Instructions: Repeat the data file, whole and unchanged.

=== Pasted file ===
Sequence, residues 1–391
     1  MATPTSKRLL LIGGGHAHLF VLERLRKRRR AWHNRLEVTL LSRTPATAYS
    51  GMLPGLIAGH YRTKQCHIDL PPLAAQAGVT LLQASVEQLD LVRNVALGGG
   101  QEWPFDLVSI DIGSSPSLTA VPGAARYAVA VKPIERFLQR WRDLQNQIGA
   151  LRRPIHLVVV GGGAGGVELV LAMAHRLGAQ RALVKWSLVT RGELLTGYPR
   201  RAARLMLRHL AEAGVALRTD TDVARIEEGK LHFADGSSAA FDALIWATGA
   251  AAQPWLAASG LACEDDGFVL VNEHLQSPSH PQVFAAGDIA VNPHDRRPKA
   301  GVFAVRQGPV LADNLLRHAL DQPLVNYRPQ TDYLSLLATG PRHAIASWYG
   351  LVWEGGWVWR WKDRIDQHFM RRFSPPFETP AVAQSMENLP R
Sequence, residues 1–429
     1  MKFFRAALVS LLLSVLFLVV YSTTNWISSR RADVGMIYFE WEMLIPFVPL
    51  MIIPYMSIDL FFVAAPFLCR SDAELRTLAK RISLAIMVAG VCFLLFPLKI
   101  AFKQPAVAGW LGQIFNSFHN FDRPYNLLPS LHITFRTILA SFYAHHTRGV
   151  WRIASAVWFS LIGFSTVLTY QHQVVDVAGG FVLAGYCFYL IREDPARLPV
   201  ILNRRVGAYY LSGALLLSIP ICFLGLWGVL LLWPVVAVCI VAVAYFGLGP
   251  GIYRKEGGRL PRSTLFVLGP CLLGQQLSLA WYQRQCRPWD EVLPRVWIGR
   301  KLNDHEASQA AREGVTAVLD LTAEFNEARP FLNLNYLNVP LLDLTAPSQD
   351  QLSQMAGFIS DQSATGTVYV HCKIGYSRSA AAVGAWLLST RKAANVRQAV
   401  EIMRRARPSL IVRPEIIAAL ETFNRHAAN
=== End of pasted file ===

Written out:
Sequence, residues 1–391
     1  MATPTSKRLL LIGGGHAHLF VLERLRKRRR AWHNRLEVTL LSRTPATAYS
    51  GMLPGLIAGH YRTKQCHIDL PPLAAQAGVT LLQASVEQLD LVRNVALGGG
   101  QEWPFDLVSI DIGSSPSLTA VPGAARYAVA VKPIERFLQR WRDLQNQIGA
   151  LRRPIHLVVV GGGAGGVELV LAMAHRLGAQ RALVKWSLVT RGELLTGYPR
   201  RAARLMLRHL AEAGVALRTD TDVARIEEGK LHFADGSSAA FDALIWATGA
   251  AAQPWLAASG LACEDDGFVL VNEHLQSPSH PQVFAAGDIA VNPHDRRPKA
   301  GVFAVRQGPV LADNLLRHAL DQPLVNYRPQ TDYLSLLATG PRHAIASWYG
   351  LVWEGGWVWR WKDRIDQHFM RRFSPPFETP AVAQSMENLP R
Sequence, residues 1–429
     1  MKFFRAALVS LLLSVLFLVV YSTTNWISSR RADVGMIYFE WEMLIPFVPL
    51  MIIPYMSIDL FFVAAPFLCR SDAELRTLAK RISLAIMVAG VCFLLFPLKI
   101  AFKQPAVAGW LGQIFNSFHN FDRPYNLLPS LHITFRTILA SFYAHHTRGV
   151  WRIASAVWFS LIGFSTVLTY QHQVVDVAGG FVLAGYCFYL IREDPARLPV
   201  ILNRRVGAYY LSGALLLSIP ICFLGLWGVL LLWPVVAVCI VAVAYFGLGP
   251  GIYRKEGGRL PRSTLFVLGP CLLGQQLSLA WYQRQCRPWD EVLPRVWIGR
   301  KLNDHEASQA AREGVTAVLD LTAEFNEARP FLNLNYLNVP LLDLTAPSQD
   351  QLSQMAGFIS DQSATGTVYV HCKIGYSRSA AAVGAWLLST RKAANVRQAV
   401  EIMRRARPSL IVRPEIIAAL ETFNRHAAN